On Monday April 4, 2016, more than hundred Black Lives Matter (BLM) protesters rallied at Queens Park. This was a continuation of a protest involving BLM members who, starting on March 20 illegally squatted in makeshift tents and set bonfires in front of Toronto Police Headquarters. The squatting began a day after the Ontario Special Investigations Unit (SIU) announced that no charges would be laid against the unidentified officer who fatally shot a Black man named Andrew Loku in a confrontation with Toronto Police in the summer of 2015.
Mr. Loku reportedly suffered from mental illness. His death has now become the motive for recent BLM squatting campaigns in Toronto.
BLM claims to be
a call to action, a response to virulent anti-Black racism and is against the not legally authorized killings of Black people by police and vigilantes.
One of the organizers, Christina Gabriella Griffin, made it clear following their Toronto rally that
Toronto and other cities need to know that if your police force is committed to an anti-black program, there’s going to be more tent cities. As long as the killing keeps going on, we’re going to be out here.
But what exactly happened to Mr. Loku is the real question. Was he simply a vulnerable target for “racist” and “anti-Black” police to murder in cold blood, and perhaps something for these officers to laugh about afterwards? Or was this a case of one of our police officers having his or her safety put in immediate danger and resorting to lethal force to avoid potentially losing his own life?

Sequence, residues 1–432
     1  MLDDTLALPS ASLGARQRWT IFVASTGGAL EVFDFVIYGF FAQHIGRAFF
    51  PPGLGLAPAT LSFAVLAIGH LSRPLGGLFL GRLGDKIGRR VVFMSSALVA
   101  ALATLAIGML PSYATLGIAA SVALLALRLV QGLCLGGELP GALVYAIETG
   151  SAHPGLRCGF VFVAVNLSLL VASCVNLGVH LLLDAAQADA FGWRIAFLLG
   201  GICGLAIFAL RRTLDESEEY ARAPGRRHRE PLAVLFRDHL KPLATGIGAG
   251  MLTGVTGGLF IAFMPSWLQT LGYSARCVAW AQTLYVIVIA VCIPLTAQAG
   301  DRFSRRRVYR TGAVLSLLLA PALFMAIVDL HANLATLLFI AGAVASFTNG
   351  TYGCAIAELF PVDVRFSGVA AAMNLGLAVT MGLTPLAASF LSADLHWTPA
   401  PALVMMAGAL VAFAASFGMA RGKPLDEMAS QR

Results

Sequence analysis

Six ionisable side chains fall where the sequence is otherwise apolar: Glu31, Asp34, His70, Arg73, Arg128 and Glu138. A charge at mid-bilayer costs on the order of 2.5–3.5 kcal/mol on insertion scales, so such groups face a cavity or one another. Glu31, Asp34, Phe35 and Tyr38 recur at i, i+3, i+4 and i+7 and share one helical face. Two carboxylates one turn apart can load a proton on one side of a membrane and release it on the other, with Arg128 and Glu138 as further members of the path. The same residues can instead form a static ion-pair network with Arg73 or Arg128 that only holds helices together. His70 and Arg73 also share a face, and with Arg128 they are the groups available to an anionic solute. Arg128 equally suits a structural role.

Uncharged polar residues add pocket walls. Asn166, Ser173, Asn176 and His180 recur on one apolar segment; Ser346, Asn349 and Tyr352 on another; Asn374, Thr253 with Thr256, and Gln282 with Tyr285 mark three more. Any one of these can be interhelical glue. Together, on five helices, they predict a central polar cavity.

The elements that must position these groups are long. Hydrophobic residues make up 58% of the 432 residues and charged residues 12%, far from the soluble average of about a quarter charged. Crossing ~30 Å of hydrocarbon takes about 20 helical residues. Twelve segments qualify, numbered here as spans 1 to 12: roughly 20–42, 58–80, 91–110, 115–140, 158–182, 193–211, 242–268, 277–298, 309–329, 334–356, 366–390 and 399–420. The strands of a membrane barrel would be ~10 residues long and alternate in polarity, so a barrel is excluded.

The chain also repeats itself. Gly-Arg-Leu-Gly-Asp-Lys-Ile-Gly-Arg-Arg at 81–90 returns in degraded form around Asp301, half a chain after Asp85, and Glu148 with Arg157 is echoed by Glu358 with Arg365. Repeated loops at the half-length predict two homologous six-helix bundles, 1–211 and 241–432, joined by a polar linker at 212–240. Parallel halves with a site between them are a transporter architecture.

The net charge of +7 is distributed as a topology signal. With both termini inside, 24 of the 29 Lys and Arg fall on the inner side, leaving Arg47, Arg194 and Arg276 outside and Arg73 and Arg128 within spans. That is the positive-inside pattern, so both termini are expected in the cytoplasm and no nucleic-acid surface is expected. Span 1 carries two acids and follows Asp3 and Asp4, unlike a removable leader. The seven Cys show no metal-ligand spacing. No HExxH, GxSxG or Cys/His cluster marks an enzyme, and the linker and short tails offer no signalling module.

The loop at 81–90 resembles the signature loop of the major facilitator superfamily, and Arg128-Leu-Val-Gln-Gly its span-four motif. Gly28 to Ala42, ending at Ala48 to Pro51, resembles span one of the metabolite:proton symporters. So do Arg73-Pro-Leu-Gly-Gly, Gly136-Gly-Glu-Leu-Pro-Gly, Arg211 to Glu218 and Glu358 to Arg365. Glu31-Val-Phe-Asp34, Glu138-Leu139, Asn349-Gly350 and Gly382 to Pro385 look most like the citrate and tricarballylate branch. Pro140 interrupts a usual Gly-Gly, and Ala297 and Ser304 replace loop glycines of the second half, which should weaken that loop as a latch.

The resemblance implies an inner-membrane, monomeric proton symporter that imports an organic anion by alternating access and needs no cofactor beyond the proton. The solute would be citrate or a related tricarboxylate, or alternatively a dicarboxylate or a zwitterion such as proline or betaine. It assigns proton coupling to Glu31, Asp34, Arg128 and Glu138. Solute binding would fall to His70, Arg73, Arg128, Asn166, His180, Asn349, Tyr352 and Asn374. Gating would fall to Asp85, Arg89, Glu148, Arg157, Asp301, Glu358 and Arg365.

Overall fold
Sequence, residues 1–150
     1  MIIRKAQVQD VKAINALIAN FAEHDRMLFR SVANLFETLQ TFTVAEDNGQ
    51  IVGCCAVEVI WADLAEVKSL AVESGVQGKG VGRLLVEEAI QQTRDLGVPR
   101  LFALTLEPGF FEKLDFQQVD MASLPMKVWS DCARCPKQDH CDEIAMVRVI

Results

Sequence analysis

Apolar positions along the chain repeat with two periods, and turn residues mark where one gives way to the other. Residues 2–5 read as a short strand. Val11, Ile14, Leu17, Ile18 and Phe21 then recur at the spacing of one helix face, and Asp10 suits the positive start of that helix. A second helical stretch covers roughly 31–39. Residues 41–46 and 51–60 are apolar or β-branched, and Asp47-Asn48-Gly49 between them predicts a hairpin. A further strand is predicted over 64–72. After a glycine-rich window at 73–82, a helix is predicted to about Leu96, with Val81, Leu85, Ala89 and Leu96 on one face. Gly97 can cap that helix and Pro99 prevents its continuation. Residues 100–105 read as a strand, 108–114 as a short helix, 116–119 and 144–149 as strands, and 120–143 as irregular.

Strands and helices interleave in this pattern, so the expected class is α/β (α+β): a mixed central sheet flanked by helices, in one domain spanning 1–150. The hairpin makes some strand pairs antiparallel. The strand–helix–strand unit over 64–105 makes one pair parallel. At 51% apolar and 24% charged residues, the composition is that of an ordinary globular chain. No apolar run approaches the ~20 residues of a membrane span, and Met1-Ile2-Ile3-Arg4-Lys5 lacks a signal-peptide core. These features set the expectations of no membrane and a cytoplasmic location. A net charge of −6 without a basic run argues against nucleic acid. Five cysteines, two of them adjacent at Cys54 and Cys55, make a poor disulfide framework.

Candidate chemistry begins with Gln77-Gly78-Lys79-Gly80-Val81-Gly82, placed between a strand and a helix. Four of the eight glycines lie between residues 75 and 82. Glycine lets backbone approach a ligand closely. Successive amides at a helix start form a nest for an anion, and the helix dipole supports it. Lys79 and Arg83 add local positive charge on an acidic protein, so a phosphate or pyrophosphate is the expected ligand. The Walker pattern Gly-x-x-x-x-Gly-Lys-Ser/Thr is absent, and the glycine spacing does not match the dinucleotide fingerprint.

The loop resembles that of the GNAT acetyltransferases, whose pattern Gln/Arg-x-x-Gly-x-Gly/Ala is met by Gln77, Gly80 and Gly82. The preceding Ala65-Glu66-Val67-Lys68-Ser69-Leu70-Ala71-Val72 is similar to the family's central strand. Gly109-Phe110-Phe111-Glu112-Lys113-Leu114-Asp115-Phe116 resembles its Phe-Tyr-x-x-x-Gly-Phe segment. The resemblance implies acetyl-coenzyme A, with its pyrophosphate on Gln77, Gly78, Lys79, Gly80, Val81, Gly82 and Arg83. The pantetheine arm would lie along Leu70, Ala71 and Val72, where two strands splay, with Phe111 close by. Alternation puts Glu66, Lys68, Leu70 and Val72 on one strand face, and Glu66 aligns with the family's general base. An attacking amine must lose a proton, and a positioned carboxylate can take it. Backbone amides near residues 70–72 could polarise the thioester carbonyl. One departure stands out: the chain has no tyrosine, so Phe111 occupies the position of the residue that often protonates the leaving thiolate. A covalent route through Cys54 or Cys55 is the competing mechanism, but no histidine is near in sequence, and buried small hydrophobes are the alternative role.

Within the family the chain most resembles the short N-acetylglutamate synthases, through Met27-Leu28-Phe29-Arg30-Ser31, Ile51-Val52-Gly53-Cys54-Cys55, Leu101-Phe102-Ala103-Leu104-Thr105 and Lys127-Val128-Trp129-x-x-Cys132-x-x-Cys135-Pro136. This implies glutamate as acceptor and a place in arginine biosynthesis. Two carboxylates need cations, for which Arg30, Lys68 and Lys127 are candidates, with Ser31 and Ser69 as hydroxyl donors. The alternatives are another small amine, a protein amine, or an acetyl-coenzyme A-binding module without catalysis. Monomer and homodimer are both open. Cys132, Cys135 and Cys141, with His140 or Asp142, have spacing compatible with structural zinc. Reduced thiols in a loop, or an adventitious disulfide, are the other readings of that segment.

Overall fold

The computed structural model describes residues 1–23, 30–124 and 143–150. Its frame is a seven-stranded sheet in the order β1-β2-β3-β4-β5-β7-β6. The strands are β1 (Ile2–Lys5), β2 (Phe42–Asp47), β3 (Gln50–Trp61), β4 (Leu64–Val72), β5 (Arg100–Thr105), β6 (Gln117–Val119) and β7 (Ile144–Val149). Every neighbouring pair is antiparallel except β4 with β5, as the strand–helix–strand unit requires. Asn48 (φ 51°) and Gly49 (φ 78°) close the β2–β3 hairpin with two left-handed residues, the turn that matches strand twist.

Mike McCormack, who is president of the Toronto Police Association, stated the following:
On the early evening of July 4, 2015, Toronto police officers saw Mr. Loku riding a three-wheeled scooter on a busy highway in downtown Toronto. Needless to say, this was a dangerous situation for Mr. Loku and motorists. Concerned for his safety and well-being, the officers assisted Mr. Loku by loading his scooter into a police car and driving him home.
Three hours later, there was an assault-in-progress call to Mr. Loku’s Toronto residence, involving a man armed with a hammer threatening a woman with death and refusing to leave her apartment. Police officers responded where they were met by an agitated and violent Mr. Loku, wielding a hammer.
The officers attempted to de-escalate the situation and repeatedly asked Mr. Loku to drop his weapon. Mr. Loku’s violent behaviour intensified, and with the hammer raised above his head, he advanced within several feet of the officers. Unable to create distance between themselves and Mr. Loku due to the narrow hallway and stairwell behind them, the officers responded to this imminent threat of serious bodily harm or death, by using force.
Perhaps this truly was the case. If so, some may consider the circumstances justified the shooting of Mr. Loku. Or perhaps there are some major aspects of the story which are missing. In either case, what really happened does not seem to really matter to those who are part of BLM. In other words, are the BLM protestors simply looking for incidents like Mr. Loku’s death in order to label any police officer’s shootings of Black people as “racist” and “anti-Black”?